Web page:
ANOTHER medal for the cabinet.
That's the dream for Chloe Dalton as she balances her AFLW commitments with her preparations for the 2020 Tokyo Olympic Games.
Speaking on this week's episode of the Behind the Game Changers podcast, Dalton shared her desire to repeat the success she experienced playing in the 2016 Olympic gold medal-winning Australian Rugby Sevens team.
Immediately after the AFLW season finishes up, Dalton will return to training for her journey to Tokyo.
“Once we finish here with Carlton, depending on how we go with finals and that kind of thing, I’ll be back to Sydney pretty much within the week,” Dalton said.
“Then we’re off to Canada and Paris for a couple of tournaments before a training camp in Singapore, then a couple of weeks back home and then off to Tokyo for the Olympics.”
"It's so much bigger than you and the game that you're playing in."— Carlton Womens (@carltonfc_w) March 5, 2020
Growing up, @kez_harrington dreamed of playing in the Navy Blue. As a co-captain and a member of the Club's Community team, she opens up on how much wearing the orange socks means. ??#BoundByBlue
Despite the busy schedule, Dalton is excited at the prospect of competing in the Olympics again, describing her 2016 experience in Rio as ‘surreal’.
One of the 26-year-old's more exciting moments in the lead up to the Olympics was the star power that she was able to mingle with in the heart of the Olympic Village.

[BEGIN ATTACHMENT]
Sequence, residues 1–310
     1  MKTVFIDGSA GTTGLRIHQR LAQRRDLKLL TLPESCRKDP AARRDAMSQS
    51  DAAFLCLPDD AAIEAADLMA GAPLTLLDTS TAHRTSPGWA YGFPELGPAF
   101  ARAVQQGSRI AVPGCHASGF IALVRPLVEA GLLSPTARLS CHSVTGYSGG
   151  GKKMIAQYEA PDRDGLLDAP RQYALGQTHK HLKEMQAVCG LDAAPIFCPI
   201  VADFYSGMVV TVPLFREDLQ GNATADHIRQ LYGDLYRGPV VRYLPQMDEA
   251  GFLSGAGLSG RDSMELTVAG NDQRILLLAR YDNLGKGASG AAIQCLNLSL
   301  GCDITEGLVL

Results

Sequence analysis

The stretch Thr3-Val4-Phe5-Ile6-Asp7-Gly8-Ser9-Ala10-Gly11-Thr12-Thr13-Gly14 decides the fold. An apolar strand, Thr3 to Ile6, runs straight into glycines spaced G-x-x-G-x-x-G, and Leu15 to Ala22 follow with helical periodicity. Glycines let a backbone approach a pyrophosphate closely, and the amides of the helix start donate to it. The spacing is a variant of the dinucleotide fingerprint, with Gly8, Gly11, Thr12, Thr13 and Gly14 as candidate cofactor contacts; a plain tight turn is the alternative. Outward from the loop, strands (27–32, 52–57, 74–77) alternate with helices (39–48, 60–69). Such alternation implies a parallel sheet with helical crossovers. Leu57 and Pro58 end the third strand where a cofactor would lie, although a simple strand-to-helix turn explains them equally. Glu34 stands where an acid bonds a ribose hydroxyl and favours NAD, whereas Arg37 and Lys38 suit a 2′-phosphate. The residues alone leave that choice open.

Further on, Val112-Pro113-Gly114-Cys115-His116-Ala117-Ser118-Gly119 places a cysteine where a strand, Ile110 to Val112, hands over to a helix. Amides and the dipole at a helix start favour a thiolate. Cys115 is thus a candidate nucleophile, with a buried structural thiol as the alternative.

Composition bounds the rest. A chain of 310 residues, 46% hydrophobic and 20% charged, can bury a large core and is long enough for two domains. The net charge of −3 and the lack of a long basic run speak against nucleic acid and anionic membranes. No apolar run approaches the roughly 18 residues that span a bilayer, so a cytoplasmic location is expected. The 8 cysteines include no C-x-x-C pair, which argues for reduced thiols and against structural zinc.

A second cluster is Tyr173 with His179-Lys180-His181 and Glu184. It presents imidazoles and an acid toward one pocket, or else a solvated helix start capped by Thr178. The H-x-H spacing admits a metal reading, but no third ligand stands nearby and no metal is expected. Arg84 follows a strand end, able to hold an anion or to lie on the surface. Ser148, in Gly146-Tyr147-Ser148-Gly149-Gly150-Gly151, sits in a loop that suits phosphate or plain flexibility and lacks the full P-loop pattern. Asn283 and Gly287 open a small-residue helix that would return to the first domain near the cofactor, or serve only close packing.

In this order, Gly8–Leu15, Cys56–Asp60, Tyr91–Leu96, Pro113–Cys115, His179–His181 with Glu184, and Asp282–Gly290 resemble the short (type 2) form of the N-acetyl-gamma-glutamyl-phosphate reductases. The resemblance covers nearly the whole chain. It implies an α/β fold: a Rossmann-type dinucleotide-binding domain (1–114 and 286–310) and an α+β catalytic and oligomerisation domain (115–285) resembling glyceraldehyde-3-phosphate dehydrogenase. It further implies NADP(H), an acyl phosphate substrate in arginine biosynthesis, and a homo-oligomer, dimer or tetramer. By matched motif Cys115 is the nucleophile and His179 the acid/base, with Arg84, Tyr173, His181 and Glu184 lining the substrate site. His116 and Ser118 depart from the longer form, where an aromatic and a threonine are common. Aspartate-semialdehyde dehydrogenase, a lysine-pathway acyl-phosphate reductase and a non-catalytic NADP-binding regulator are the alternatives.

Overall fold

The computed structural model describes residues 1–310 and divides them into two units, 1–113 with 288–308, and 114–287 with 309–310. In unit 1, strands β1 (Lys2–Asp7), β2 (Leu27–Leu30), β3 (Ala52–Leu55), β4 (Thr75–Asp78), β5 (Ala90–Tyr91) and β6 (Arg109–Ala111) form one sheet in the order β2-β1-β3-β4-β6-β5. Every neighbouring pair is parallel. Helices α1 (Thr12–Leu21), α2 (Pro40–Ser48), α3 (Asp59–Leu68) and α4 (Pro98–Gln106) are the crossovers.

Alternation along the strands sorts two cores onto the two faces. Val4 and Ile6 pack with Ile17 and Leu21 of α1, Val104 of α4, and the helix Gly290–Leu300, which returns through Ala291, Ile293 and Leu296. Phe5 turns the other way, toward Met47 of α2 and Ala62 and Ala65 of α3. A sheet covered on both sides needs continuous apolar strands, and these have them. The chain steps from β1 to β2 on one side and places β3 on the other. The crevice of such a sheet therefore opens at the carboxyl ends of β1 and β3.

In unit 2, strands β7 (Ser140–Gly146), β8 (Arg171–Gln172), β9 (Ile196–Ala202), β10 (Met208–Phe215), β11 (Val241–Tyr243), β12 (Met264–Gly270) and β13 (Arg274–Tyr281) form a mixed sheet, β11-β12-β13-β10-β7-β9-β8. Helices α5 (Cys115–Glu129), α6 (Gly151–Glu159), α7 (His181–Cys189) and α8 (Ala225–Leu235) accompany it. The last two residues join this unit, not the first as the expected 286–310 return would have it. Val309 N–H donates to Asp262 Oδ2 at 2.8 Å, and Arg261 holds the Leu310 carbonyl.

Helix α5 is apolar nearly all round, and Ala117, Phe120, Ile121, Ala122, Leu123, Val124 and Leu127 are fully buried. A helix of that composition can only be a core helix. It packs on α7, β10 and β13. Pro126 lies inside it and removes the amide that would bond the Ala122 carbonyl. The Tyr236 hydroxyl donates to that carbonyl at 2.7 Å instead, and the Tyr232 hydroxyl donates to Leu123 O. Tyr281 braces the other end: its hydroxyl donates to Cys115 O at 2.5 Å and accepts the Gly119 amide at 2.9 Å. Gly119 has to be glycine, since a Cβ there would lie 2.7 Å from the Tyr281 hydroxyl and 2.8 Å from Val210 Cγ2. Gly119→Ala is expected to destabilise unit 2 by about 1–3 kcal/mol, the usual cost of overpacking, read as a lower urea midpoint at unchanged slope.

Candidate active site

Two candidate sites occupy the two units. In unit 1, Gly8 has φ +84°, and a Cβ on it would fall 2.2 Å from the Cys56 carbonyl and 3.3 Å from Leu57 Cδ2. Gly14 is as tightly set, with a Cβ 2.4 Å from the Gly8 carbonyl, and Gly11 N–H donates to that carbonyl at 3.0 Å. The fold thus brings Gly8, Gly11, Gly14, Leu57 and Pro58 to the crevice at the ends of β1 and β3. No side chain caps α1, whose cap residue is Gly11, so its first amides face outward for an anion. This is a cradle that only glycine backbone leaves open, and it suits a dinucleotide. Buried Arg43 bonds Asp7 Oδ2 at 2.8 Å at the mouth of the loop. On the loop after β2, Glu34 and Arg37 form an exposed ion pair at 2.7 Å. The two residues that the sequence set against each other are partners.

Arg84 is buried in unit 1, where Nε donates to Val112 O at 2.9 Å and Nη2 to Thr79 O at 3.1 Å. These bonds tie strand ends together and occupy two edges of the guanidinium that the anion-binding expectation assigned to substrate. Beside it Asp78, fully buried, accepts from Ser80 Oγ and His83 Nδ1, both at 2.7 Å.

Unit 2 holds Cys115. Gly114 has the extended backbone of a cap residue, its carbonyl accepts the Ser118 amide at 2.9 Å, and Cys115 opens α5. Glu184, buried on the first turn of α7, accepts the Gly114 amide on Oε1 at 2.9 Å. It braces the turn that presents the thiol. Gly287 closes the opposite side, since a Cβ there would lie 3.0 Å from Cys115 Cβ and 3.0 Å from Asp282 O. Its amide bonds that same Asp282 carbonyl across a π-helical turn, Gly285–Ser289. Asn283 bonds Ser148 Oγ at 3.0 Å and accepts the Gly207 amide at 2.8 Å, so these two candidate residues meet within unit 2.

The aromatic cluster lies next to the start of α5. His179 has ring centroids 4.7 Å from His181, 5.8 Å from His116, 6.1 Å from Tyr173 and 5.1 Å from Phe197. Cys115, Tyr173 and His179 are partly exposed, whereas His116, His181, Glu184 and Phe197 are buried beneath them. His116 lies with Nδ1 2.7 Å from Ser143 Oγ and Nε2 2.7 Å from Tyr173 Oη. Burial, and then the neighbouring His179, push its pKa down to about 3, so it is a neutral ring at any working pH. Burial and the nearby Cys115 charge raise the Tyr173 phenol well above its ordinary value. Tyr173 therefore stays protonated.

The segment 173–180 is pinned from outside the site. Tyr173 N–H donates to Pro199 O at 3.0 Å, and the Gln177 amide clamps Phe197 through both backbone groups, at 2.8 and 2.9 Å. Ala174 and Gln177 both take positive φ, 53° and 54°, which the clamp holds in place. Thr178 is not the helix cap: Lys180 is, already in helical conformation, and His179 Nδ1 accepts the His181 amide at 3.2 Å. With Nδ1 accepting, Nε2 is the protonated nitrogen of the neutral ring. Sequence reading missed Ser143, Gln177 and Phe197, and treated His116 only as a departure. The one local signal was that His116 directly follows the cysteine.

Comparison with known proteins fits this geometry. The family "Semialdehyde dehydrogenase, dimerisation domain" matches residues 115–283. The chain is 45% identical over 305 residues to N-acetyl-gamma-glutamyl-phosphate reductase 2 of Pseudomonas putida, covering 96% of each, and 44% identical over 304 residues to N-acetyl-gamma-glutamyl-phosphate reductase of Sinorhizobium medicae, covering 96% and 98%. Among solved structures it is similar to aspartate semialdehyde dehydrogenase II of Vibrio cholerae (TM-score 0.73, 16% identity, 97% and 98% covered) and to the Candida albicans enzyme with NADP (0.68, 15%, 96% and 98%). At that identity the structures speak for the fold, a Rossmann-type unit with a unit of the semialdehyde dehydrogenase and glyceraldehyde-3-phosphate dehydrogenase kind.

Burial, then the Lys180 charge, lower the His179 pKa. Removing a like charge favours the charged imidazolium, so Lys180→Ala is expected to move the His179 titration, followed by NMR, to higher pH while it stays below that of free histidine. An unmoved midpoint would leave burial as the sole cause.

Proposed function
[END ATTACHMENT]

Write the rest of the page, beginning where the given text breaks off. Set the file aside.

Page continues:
“I tried really hard to find Usain Bolt, because apparently he eats chicken nuggets before he races at the free Maccas in the village,” she said.
“Every time I went there, I was like, ‘Is he here?’.”
Despite the thrill of star-spotting, nothing would compare to the moment Dalton was able to stand up on the podium beside her teammates and accept her gold medal.
The relief and pride the talented athlete felt as the medal was put around her neck is something that Dalton will never forget: it has played a big role in her motivation to once again compete in 2020.
“Standing up on the podium I just remember being so emotional, because I was looking straight out at my family and my closest friends who had all come over to Rio and they were just belting out the anthem,” Dalton said.
“It was the coolest thing to stand there with my arms around my teammates and look out at the people who were closest to me and who supported me from the start.”
Dalton showed her gold medal to Sarah Hosking during the podcast as she explained her one disappointment with her journey.
“I don’t know how much [the medal] weighs but the disappointing part is that it’s 97 per cent silver,” she said.
“It’s only 3 per cent gold, it’s gold-plated, I don’t know why.”